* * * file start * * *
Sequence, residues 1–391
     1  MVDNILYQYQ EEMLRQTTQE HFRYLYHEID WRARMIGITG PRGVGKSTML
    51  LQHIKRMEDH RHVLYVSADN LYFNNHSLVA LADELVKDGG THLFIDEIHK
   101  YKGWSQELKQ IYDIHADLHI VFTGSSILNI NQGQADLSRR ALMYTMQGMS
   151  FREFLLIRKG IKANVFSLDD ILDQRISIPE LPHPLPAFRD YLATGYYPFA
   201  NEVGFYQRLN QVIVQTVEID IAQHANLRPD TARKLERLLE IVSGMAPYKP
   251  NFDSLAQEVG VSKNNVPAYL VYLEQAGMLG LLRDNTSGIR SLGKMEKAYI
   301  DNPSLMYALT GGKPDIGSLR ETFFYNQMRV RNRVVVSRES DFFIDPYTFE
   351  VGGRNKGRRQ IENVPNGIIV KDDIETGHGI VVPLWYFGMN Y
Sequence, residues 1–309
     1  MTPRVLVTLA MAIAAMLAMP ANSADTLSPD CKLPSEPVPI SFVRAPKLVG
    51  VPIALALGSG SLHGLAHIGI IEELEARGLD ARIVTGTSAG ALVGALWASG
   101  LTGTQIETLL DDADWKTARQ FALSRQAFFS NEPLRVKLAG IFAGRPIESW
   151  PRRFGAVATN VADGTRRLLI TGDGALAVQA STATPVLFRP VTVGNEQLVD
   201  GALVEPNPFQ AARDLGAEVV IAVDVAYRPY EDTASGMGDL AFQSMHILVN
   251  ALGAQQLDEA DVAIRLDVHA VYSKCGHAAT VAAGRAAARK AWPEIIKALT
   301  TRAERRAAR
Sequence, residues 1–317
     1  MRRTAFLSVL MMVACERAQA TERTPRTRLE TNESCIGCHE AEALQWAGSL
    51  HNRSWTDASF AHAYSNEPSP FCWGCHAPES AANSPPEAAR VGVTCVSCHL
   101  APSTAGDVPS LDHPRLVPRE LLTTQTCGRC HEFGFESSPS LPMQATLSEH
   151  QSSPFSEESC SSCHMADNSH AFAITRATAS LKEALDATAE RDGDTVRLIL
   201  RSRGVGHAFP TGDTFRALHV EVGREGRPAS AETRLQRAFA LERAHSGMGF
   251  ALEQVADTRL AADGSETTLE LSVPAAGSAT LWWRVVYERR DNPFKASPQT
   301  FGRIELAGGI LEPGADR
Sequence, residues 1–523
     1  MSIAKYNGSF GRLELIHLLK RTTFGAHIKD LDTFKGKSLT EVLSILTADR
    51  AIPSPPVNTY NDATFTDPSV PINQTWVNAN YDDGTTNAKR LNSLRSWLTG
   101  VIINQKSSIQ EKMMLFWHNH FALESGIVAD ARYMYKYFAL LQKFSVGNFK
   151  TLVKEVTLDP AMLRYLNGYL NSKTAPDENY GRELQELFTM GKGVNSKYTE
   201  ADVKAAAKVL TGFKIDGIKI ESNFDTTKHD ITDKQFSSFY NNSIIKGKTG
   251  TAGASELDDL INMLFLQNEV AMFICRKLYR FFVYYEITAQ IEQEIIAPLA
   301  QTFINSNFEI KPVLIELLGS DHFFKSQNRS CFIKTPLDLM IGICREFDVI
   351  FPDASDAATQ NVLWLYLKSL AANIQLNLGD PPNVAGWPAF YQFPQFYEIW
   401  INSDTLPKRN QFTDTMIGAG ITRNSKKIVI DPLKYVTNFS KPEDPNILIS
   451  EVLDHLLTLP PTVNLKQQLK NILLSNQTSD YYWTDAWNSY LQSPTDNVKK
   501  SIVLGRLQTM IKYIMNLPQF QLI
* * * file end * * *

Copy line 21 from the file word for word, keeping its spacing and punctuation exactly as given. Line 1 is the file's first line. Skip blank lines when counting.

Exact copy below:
   101  APSTAGDVPS LDHPRLVPRE LLTTQTCGRC HEFGFESSPS LPMQATLSEH